Meet Jawad Zawulistani, a 2019-2020 Disaster Feedback Fellow who is listening to local voices to help communities in Afghanistan rebuild after withstanding decades of war.
Managing Director, Afghanistan Human Rights and Democracy Organization and Country representative for Bamyan Foundation in Afghanistan
Who He Is:
Jawad is interested in initiatives that promote youth-led peace, foster dialogue and understanding, and empower youth and war victims to make societal contributions. He wants to prioritize protecting human rights in conflict-affected contexts and promoting inclusive conflict policies and approaches. He believes global empathy and solidarity are important factors in building disaster recovery in Afghanistan.
Q: Tell us about your organization and where it is working on disaster recovery in Afghanistan.
A: Bamyan Foundation is working mostly on education, but also on health and other issues related to the community we are engaging with in Afghanistan. They belong to a minority and religious ethnic group that has been the most underprivileged community in the contemporary history of Afghanistan. We are working with local partners in different locations, including in Kabul, in Ghor, and in Bamyan. And we are planning to expand our field of operations in some other areas to help mostly the youth, and especially the girls, from this community realize their full potential and access quality education. We want to make sure that, as youth and children of one of the most underprivileged communities in Afghanistan, they have a say in the future of their country and can contribute to its development in the best possible way.
Q: Your mission is hard work. Why are you devoted to it as a Disaster Feedback Fellow?
A: A lot of it comes from our personal experiences. Every member of our team at Bamyan Foundation has extraordinary stories of struggle for survival—for thriving. The problems and issues we have faced in our community and see our community is facing is the main driver. That makes our work, ourselves, and our effort, very value driven. This community is one of the most underprivileged communities in Afghanistan. We do not want these things to perpetuate, and one aspect that we are concerned about is not taking education seriously. If we do not make sure that the children of this community have the chance to realize their full potential, there is always the possibility that history repeats itself and takes all the chances they have for growth, for development, and for learning from them.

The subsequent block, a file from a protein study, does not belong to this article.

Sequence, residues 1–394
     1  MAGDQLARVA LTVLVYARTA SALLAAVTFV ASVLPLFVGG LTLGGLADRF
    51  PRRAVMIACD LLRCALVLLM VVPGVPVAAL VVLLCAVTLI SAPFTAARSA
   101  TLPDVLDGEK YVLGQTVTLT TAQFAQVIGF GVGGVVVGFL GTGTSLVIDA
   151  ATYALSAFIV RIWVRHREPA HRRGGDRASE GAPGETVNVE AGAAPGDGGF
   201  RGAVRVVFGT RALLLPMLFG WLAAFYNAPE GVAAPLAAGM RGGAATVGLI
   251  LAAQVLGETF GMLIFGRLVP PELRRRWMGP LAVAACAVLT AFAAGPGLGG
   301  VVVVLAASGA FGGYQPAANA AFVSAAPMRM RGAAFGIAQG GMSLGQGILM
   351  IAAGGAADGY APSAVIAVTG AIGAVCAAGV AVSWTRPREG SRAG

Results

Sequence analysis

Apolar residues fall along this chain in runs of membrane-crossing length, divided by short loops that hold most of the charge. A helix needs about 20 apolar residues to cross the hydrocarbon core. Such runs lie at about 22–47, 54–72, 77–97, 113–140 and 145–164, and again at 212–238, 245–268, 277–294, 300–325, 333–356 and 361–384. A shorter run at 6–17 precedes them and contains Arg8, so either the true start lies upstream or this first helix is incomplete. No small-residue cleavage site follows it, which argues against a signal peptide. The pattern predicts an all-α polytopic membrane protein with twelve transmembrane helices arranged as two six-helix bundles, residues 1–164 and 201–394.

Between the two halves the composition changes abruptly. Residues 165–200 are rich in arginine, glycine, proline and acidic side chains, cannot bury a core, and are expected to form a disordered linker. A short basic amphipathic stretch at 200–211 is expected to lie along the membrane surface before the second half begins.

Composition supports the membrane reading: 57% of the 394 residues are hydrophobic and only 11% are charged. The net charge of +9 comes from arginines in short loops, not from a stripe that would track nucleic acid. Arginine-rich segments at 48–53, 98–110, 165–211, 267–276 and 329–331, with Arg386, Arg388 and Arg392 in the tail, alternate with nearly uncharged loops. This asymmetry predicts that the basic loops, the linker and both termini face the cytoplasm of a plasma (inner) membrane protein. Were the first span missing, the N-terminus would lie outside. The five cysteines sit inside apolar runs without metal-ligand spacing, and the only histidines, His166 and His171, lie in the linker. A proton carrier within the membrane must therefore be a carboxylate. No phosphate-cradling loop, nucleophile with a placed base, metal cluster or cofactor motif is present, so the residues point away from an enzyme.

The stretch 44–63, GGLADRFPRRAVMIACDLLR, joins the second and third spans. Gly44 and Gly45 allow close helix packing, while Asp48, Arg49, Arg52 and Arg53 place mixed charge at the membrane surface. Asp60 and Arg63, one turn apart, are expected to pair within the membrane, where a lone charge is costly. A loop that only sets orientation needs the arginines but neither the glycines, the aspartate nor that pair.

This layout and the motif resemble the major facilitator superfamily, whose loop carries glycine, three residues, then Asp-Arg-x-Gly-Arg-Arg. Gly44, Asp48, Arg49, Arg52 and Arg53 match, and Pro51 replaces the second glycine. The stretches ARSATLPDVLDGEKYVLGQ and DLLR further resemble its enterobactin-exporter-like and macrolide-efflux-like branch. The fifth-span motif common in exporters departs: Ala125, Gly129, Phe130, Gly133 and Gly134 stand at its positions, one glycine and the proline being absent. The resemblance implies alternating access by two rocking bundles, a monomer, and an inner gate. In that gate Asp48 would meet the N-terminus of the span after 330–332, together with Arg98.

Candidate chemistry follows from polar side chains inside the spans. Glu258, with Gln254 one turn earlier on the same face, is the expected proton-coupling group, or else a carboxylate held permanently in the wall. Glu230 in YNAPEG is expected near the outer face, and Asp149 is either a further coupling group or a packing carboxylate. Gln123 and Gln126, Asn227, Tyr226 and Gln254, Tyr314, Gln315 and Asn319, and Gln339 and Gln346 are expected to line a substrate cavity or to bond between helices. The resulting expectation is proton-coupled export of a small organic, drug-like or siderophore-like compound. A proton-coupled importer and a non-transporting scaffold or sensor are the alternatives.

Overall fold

Q: What is one thing you wish more people knew about your work?
A: The stress and value we put on the local resources. That’s why our organization is registered in D.C., but we are not dictating activities, projects, or ideas from D.C. or areas other than the location where we work. We built partnerships, and then our partners are the experts in their field in those areas. They know whom to target, they know what local resources they can use in the best way, and they know how to realize our ideals and our mission in the best possible way. That is the power of the local people, the power of their ideas, and the power that they can create by working together.
Q: How has GlobalGiving made a difference for your organization?
A: GlobalGiving has given us the platform that we most needed, and that allowed us to share our stories with a broader, global audience. The second thing is the stories we hear from other people, and that provides a lot of learning opportunities for us. We get to see how other people in other parts of the world with their specific challenges are doing great work in their community, and we can learn from them.
Q: What is missing in the global response to disaster recovery in Afghanistan?
A: I have worked with many organizations in Afghanistan, some of them international organizations, but the thing I have seen that is always missing is the real voices of people and the appreciation of the agency of the people you work with or try to serve. Because they think, ‘Oh, those illiterate communities, those poverty-ridden communities who have suffered long decades of war. They might not have anything to say; they might not have any ability to change their situation, so we go and change it.’
The thing I have seen that is always missing is the real voices of people.
There are ways to help them, but the reality that we have seen through the Bamyan Foundation’s work is that communities have developed and always continue developing ways for self-help. They know how to make the best use of the resources they have, and they know how to make the best use of the resources you provide for them. If you appreciate the agency of the local people and are flexible to their demands, to the way they work, and to their conditions, they will tell you how best to work with them. That’s the biggest lesson I have learned from them. It’s not us who should be going to communities and telling them what to do or how to do it. We should be flexible and let communities tell us how they want us to work with them.
Learn more about how GlobalGiving’s Disaster Feedback Fellows are sharing best practices to bolster community-led relief efforts.
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